Community College Reform Legislation Stalled
Legislation that would cap contract lengths and severance pay for Illinois community college presidents is stalled in Springfield...at least for now.
Under the measure, Illinois' 48 community colleges could not offer a president a contract longer than four years...and ends exorbitant severance packages.
It's a reaction to the recent shakeup at the suburban College of DuPage, where the college's president negotiated a $700-hundred-thousand dollar severance package to break his 10-year contract. Further investigation into the college revealed extravagant benefits for many top COD officials.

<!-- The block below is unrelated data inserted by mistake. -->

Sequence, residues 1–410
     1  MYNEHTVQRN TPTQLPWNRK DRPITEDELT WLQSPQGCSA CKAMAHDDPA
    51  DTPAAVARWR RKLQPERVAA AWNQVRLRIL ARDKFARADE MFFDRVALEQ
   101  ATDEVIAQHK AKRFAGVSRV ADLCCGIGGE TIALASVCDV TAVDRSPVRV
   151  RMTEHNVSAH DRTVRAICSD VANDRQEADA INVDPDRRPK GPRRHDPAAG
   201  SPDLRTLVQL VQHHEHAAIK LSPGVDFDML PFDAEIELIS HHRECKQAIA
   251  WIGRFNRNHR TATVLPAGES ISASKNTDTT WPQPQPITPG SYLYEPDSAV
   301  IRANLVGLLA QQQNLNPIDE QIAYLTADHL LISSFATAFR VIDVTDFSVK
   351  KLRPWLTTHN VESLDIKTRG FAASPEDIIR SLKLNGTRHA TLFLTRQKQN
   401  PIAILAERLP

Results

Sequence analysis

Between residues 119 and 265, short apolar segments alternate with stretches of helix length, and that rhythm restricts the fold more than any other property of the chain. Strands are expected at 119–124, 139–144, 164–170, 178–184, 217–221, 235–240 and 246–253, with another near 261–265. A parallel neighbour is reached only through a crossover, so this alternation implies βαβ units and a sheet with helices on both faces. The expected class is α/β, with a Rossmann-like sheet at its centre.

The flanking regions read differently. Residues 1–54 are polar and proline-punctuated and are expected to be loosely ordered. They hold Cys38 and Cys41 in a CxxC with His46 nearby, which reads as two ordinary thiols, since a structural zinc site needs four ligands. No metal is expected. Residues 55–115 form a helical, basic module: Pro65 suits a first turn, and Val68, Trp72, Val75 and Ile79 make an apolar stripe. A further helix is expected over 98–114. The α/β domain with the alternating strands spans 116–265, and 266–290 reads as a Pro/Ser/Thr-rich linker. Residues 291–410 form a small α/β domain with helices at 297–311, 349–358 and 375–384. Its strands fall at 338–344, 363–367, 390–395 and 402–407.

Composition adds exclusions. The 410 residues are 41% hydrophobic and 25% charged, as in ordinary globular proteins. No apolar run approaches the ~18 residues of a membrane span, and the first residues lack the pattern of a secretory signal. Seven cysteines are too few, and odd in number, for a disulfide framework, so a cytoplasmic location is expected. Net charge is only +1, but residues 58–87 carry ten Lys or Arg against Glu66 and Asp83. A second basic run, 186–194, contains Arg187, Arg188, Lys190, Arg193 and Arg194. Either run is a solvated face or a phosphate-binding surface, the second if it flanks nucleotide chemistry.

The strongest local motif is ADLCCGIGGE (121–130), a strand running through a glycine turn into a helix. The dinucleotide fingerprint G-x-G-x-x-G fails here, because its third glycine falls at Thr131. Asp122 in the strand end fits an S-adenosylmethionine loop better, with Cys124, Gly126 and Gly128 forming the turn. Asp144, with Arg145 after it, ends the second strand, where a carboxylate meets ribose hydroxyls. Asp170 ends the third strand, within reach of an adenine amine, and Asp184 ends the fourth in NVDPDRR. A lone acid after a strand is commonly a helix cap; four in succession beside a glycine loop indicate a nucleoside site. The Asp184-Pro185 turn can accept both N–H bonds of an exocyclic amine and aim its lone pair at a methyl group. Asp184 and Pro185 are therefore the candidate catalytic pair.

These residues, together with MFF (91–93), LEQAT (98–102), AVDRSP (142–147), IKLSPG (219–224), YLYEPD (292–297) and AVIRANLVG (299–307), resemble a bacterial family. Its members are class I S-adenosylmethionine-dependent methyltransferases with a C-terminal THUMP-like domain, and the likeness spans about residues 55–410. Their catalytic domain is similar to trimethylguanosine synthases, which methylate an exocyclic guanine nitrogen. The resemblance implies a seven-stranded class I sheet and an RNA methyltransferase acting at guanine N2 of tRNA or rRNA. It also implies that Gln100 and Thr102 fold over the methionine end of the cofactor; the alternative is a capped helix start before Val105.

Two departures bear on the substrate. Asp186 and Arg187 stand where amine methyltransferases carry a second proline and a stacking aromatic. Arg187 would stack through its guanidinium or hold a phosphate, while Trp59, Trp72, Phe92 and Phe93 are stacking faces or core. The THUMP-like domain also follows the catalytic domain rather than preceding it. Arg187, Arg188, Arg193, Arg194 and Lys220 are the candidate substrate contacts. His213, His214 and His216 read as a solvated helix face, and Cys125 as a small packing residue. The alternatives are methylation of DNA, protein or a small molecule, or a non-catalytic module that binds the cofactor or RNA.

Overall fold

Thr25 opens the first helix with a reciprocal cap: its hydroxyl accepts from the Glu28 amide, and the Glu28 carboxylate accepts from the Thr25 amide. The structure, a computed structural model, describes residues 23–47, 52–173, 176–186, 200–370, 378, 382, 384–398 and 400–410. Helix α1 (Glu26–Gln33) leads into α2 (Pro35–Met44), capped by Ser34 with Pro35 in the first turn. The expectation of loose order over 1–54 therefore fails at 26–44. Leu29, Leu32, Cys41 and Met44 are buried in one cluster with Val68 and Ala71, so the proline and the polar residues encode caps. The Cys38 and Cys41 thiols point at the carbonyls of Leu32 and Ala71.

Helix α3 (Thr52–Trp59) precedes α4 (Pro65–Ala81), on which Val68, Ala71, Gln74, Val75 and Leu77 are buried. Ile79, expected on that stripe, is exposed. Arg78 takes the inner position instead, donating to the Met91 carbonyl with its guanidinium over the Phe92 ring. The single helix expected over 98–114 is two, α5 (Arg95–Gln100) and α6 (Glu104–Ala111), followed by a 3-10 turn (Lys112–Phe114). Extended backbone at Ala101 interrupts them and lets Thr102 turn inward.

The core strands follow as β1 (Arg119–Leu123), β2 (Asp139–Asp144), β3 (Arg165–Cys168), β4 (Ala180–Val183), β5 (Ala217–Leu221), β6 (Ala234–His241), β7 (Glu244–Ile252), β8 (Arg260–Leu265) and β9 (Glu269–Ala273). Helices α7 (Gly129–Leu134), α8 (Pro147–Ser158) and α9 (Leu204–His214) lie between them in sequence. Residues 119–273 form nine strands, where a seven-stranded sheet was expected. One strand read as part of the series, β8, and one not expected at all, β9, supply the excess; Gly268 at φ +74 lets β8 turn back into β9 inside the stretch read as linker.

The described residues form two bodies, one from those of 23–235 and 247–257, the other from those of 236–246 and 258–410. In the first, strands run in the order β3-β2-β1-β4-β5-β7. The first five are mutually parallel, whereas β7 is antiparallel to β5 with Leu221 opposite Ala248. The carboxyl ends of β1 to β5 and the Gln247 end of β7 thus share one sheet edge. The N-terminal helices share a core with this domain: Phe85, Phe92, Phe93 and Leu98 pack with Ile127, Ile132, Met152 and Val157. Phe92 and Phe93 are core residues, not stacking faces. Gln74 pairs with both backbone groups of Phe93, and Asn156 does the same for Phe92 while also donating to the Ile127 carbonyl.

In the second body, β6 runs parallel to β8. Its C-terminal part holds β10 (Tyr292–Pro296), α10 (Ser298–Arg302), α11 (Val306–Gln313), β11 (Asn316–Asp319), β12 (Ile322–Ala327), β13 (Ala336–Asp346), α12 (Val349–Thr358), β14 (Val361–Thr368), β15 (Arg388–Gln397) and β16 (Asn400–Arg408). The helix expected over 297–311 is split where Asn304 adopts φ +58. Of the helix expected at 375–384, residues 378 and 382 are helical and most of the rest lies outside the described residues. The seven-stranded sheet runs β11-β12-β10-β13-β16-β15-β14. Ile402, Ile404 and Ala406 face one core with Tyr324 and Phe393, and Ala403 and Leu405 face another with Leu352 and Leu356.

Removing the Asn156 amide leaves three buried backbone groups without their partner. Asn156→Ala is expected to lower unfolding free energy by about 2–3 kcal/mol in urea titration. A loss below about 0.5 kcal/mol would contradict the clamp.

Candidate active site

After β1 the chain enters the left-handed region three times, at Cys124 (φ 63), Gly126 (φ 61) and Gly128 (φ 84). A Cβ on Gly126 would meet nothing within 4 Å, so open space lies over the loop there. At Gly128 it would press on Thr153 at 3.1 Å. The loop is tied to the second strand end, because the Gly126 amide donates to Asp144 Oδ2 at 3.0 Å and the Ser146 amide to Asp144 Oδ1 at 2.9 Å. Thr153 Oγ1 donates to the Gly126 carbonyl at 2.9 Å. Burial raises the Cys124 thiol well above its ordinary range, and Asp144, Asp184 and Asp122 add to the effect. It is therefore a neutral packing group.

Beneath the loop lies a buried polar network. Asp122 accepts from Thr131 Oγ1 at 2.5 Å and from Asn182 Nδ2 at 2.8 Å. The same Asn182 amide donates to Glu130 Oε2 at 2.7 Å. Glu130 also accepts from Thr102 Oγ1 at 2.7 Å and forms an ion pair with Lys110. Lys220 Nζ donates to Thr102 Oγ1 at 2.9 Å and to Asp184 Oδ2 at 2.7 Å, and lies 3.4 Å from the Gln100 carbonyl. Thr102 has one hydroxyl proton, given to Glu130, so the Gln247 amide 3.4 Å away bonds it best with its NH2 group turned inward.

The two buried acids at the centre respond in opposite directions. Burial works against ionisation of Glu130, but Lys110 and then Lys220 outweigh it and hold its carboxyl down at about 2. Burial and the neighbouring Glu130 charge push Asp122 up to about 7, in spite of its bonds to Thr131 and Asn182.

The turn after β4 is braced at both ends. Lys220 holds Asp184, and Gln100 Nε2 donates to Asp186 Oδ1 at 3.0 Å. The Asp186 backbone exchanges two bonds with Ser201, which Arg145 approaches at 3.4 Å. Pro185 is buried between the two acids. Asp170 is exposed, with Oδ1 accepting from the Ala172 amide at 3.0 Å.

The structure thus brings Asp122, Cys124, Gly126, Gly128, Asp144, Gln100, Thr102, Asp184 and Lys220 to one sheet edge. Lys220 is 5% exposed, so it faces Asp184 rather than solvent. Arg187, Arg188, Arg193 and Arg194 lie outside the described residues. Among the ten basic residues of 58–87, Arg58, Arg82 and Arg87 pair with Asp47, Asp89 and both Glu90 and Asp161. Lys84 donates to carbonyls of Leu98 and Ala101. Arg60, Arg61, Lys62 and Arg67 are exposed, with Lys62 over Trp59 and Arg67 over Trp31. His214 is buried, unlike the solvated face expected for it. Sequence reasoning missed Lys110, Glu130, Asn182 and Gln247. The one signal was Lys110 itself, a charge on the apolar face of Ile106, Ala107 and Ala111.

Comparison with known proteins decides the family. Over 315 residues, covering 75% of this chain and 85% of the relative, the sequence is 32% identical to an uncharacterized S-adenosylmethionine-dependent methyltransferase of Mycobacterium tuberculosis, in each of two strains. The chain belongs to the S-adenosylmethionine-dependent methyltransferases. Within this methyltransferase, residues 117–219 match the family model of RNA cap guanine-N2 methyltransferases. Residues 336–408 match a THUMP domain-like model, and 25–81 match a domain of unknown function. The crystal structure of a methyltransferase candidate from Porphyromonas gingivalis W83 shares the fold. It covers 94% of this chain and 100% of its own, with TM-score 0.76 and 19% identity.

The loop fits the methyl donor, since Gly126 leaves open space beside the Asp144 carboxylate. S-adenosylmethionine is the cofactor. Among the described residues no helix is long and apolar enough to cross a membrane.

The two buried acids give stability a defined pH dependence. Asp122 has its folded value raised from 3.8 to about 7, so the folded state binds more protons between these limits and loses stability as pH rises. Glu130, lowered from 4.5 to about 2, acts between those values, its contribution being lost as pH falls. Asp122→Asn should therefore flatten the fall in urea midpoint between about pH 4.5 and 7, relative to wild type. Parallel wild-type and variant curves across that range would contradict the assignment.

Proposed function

A report released by the General Assembly last week blasted what they called "lavish perks" at higher ed institutions statewide, including guaranteed employment and high salaries.
But opponents like Matt Berry with the Illinois Community College Board say the perks have a trickle down effect at community colleges.
"We oftentimes can use contracts as a way to guarantee and ensure that a president who's highly qualified wills tay for a greater length of term and provide some stability to the institution," he said.
Parkland College in Champaign, for example, has had three presidents in the past six years.
The bill's sponsors have agreed to hold hearings over the summer in order to negotiate an agreement on the caps.